Metric units and postage stamps

Metric units and postage stamps
Donald W. Hillger
Citation: Phys. Teach. 37, 507 (1999); doi: 10.1119/1.880373
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Metric Units and Postage Stamps
Donald W. Hillger, Cooperative Institute for Research in the Atmosphere, Colorado State University, Fort Collins,
CO 80523-1375
he metric system has evolved
from the French (“metre”)
units of 1790 to be officially recognized by the Eleventh General
Conference on Weights and
Measures as the International
System of Units (SI) in 1960. This
note brings together brief biographical notes of the scientists for whom
many SI units are named, along
with reproductions of postage
stamps from around the world that
have been issued to honor these
men. This combination of science,
metrics, and history may also produce the bonus of introducing
someone to the hobby of topical
stamp collecting.
Currently, 19 SI units are named
after scientists (see Table I). Each SI
symbol is unique in its spelling
(usually a capital first letter of the
person’s name), and each unit is
unique scientifically, describing a
quantity to be measured using that
SI unit. (Celsius alone is
By far the largest number of SI
postage stamps feature Sir Isaac
Newton. Several honor AndréMarie Ampère, Allesandro Volta,
and Nikola Tesla. Of the approximately 170 stamps recognizing “SI
personalities,” only one has been
issued by the United States. France
and Germany are the most frequent
issuers of such stamps.
SI Unit
SI Base Units
The international system of units
now recommended for all scientific
purposes begins with seven base
units. Two are named after scientists—the ampere and the kelvin.
Metric Units and Postage Stamps
Compound Quantity
base unit electric current
base unit
Lord Kelvin/William
Thomson (1824-1907)
Anders Celsius
Heinrich Rudolf Hertz
kg m/s2
Isaac Newton
pressure, stress
Blaise Pascal
energy, work,
quantity of heat
James Prescott Joule
(1818-1889); no stamp
power, radiant flux
James Watt
electric charge,
Charles Coulomb
quantity of electricity (1736-1806)
electric potential
electromotive force
Alessandro Volta
electric capacitance
Michael Faraday
electric resistance
Georg Simon Ohm
electric conductance Werner von Siemens
magnetic flux
magnetic flux density Nikola Tesla
electric inductance
Joseph Henry
(1797-1878); no stamp
activity (of a
Becquerel (1852-1908)
absorbed dose
Louis Harold Gray
(1905-1965); no stamp
dose equivalent
Rolf Sievert
(1898-1966); no stamp
André-Marie Ampère
Wilhelm Eduard Weber
(1804-1891); no stamp
* The temperature units are the same size. The temperature in Celsius, t, = T – 273.15 K.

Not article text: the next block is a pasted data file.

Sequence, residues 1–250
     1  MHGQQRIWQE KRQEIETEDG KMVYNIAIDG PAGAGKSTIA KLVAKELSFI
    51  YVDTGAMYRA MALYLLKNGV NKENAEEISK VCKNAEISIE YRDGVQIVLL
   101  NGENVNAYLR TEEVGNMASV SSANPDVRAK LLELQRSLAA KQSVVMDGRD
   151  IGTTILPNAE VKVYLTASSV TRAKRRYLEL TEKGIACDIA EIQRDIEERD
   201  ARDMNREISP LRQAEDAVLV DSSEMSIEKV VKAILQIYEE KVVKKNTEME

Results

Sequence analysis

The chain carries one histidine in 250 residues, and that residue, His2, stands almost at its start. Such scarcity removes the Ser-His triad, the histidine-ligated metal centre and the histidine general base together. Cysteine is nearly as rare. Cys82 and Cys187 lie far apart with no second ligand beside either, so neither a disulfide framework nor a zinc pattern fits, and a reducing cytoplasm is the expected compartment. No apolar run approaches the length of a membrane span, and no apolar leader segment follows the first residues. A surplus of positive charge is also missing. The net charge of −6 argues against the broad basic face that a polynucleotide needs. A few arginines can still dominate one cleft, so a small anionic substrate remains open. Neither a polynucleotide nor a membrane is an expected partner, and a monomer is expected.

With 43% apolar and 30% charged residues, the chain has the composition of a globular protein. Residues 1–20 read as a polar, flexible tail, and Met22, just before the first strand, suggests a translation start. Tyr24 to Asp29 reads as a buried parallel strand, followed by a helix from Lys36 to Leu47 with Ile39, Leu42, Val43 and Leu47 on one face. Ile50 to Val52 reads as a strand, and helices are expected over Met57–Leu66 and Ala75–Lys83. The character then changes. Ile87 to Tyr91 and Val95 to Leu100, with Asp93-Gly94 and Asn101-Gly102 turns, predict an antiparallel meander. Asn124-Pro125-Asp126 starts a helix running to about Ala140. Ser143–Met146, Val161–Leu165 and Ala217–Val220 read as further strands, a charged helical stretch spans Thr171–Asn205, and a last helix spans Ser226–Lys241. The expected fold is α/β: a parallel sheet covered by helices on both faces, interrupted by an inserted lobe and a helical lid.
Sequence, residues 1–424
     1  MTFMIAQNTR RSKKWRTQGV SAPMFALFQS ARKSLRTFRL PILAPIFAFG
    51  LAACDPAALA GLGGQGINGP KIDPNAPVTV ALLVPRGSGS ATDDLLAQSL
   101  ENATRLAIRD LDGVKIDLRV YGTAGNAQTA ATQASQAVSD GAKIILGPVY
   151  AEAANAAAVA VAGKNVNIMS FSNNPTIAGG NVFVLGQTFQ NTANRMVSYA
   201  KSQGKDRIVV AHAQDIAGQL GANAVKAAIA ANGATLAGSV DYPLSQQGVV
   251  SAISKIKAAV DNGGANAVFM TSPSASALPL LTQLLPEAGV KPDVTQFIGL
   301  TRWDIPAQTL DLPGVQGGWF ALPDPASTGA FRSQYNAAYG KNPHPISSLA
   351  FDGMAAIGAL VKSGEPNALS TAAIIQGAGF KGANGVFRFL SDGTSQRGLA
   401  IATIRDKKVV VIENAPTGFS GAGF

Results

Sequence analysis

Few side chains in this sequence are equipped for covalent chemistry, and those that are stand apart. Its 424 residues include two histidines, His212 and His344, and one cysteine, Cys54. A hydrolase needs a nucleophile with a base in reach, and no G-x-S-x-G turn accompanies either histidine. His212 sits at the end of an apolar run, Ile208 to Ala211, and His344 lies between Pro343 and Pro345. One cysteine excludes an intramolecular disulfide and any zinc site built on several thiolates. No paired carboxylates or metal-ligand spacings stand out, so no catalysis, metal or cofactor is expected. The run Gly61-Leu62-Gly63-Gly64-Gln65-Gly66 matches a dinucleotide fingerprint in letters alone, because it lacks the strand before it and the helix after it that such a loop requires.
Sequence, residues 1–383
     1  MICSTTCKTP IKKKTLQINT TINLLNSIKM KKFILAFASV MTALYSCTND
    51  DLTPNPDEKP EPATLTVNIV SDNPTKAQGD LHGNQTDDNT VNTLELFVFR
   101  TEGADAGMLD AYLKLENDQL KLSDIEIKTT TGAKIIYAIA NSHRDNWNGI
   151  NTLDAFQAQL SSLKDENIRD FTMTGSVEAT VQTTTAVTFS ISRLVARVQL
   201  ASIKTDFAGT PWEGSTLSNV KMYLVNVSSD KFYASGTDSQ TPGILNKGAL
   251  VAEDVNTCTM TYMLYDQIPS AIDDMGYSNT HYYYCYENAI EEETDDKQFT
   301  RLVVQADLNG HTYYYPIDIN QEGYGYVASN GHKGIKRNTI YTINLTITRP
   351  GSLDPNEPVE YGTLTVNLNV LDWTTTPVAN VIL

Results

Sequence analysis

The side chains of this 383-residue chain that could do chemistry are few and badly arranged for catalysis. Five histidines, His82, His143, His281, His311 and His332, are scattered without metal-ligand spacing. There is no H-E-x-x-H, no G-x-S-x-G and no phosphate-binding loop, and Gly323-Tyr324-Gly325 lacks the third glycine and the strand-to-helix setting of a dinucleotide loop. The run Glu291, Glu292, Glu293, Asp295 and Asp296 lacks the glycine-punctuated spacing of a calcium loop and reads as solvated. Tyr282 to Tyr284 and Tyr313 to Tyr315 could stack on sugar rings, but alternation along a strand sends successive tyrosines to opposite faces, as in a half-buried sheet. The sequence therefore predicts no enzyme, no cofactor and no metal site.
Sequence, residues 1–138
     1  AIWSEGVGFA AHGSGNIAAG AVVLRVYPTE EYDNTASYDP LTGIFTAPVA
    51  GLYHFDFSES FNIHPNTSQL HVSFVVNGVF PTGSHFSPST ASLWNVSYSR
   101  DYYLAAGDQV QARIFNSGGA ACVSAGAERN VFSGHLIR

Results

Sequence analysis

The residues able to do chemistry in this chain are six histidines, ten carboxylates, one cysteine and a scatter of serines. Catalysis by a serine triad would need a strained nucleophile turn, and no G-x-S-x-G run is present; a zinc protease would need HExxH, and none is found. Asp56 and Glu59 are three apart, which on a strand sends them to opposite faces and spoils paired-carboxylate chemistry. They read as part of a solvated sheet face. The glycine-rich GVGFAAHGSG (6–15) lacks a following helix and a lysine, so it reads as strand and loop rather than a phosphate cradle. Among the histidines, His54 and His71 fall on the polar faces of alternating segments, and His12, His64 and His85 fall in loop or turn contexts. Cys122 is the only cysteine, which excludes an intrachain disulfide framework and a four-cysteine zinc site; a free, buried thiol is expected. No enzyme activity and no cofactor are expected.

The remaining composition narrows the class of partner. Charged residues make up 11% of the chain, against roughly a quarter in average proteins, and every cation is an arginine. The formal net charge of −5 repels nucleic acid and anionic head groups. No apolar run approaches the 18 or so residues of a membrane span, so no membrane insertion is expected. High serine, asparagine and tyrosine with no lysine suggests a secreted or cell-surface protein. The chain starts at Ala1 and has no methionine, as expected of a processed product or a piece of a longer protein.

Table I. SI units and the persons for whom they were named.
Vol. 37, Nov. 1999
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Fig. 3.
Fig. 1.
Fig. 2.
Fig. 4.
Fig. 5.
Fig. 6.
➤The ampere is the SI base unit for
electric current. This unit ties the
electromagnetic and mechanical
units together into a coherent unit
system. The ampere was defined in
1948 as the constant current which,
if maintained in two straight parallel
conductors of infinite length, of negligible cross section, and placed one
meter apart in vacuum, would provide between the conductors a force
equal to 2 x 10-7 newton per meter of
length. This was an outgrowth of
Andre-Marie Ampère’s law that
describes mathematically the magnetic force between two electric currents. Ampère also developed measuring techniques for electricity. A
stamp from Monaco (Fig. 1) shows
Ampère and what later became
known as a galvanometer.
knighted by Queen Victoria in 1892)
who introduced the absolute scale.
The one stamp that shows Kelvin
(from Guinea-Bissau, Fig. 2) also
shows a cable-laying ship, because
Kelvin was involved in the laying of
the first Atlantic cable and became a
leading authority in that field.
➤The kelvin is the SI base unit of
thermodynamic temperature. The
kelvin was defined in 1954 as “the
fraction 1/273.16 of the thermodynamic temperature of the triple point
of water,” which is fixed at 273.16 K
(0.01 °C). This definition makes the
kelvin unit equal in size to a degree
Celsius, but extending the scale
down to absolute zero. In 1967 the
unit name was changed from degree
Kelvin to kelvin, dropping the word
and symbol for degree and not capitalizing kelvin. The kelvin is named
after Baron Kelvin (William
Thompson, Lord Kelvin when
➤The degree Celsius is the derived
SI unit for the ordinary metric temperature scale with values from 0 to
100 degrees between the freezing and
boiling temperatures of pure water
under standard conditions. The relation of the degree Celsius scale to the
kelvin scale is an offset by a constant
factor of 273.15 K. This is the only SI
unit with an additive offset, compared with the other derived SI units,
which are either products or ratios of
two or more SI units. (The word
Celsius and the symbol C are used
along with the word degree and the
SI Derived Units
The remainder of the SI units
named after personalities are derived
units, units “formed by combining
base or other derived units according
to algebraic relations linking the corresponding quantities.” These units